February 21 Heritage Day
Heritage Day was established in 1973 by the Heritage Canada Foundation, and is celebrated the 3rd Monday of February to encourage the preservation and promotion of Canada's nationally significant historic, architectural, natural and scenic heritage.
The Department of Canadian Heritage, along with national museums and the National Library and Archives of Canada, works with diverse parties across Canada to ensure that our heritage is not only preserved, but also promoted and enhanced. All Canadians are invited to celebrate Heritage Day by learning about Canada's immense historical, cultural and natural heritage and discover all of its beauty, diversity and vitality.
March 8 International Women’s Day
Every year on March 8, millions of women and men around the world celebrate International Women's Day. This day is an ideal opportunity to reflect on the progress made to advance women's equality, to assess the challenges facing women in contemporary society, to consider future steps to enhance the status of women and, of course, to celebrate the gains made in these areas.
Women on all continents, often divided by ethnic, linguistic, cultural, economic and political, differences come together to celebrate International Women's Day. It is a celebration of ordinary women as makers of history. Rallies, marches, fairs, receptions, shows, films and debates are held around the world to celebrate the achievements in gender equality.
When did it start?
Toward the end of the 19th century and the beginning of the 20th century, a movement of women struggling for better working conditions and recognition of their fundamental rights, including the right to vote, emerged in North America and Europe.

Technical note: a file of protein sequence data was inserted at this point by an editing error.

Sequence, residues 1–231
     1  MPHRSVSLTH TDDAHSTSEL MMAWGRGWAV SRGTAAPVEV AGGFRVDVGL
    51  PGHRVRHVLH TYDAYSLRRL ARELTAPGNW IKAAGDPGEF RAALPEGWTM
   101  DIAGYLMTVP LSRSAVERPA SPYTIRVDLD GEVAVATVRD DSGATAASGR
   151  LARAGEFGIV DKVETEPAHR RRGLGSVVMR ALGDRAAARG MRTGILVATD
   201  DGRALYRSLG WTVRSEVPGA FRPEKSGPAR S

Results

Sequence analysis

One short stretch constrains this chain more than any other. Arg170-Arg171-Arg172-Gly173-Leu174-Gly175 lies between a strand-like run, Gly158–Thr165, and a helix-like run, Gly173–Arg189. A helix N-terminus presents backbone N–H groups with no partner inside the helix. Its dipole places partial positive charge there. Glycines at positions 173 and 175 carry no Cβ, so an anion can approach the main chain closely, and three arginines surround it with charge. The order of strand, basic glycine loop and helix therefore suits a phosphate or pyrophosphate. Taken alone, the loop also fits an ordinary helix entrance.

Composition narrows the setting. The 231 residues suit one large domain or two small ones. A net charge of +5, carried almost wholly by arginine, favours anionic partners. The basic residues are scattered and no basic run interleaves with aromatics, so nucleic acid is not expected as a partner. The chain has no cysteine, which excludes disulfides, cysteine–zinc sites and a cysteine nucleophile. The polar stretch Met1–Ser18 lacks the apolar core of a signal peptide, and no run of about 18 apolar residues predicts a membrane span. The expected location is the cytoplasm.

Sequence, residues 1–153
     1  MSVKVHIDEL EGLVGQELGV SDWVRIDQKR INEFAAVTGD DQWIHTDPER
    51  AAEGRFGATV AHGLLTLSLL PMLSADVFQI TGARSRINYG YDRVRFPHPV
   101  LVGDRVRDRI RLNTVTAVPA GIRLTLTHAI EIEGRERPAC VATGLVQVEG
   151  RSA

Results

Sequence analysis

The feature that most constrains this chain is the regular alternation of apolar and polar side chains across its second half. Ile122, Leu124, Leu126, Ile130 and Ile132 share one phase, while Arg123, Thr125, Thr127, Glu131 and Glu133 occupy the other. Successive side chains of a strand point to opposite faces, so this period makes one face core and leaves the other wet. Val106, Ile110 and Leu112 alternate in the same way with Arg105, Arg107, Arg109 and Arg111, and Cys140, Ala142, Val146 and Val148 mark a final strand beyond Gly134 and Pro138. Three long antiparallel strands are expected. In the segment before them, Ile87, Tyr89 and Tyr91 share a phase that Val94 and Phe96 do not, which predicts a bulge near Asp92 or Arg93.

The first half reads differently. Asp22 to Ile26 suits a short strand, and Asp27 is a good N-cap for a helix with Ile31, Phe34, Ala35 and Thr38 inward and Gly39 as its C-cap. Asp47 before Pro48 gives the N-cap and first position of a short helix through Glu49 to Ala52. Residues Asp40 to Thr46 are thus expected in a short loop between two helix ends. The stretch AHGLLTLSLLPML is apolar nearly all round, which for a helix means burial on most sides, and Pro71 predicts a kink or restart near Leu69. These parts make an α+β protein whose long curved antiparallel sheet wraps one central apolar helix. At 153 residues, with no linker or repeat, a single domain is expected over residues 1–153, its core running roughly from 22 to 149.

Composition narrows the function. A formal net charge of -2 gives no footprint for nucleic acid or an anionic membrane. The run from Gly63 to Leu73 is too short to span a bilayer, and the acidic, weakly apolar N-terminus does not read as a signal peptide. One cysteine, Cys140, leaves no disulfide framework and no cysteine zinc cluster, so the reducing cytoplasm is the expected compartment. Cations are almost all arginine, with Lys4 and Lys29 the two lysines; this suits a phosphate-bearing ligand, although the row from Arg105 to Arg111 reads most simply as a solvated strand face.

A number of people believe that International Women's Day emanates from labour strikes of female textile workers on March 8, in both 1857 and 1908, to protest against poor working conditions in New York City. Others say the first official reference to International Women's Day can be traced to a demonstration for women's suffrage organized by the National Association of Socialist Women. Referred to as “Women's Day,” the demonstration took place on February 28, 1909 and was celebrated annually in the United States on the last Sunday in February until 1913.
March 21 International Day for the Elimination of Racial Discrimination
Since 1966, the 21st of March has been recognized by the United Nations as the International Day for the Elimination of Racial Discrimination. Proclaimed by the United Nations in 1966 to call on the international community to redouble its efforts to eliminate all forms of racial discrimination. On March 21, 1960, police opened fire and killed 69 people at a peaceful demonstration in Sharpeville, South Africa, against the apartheid "pass laws".
Canada was one of the first countries to support the UN declaration and, in 1989, the Department of Canadian Heritage launched its annual March 21 Campaign.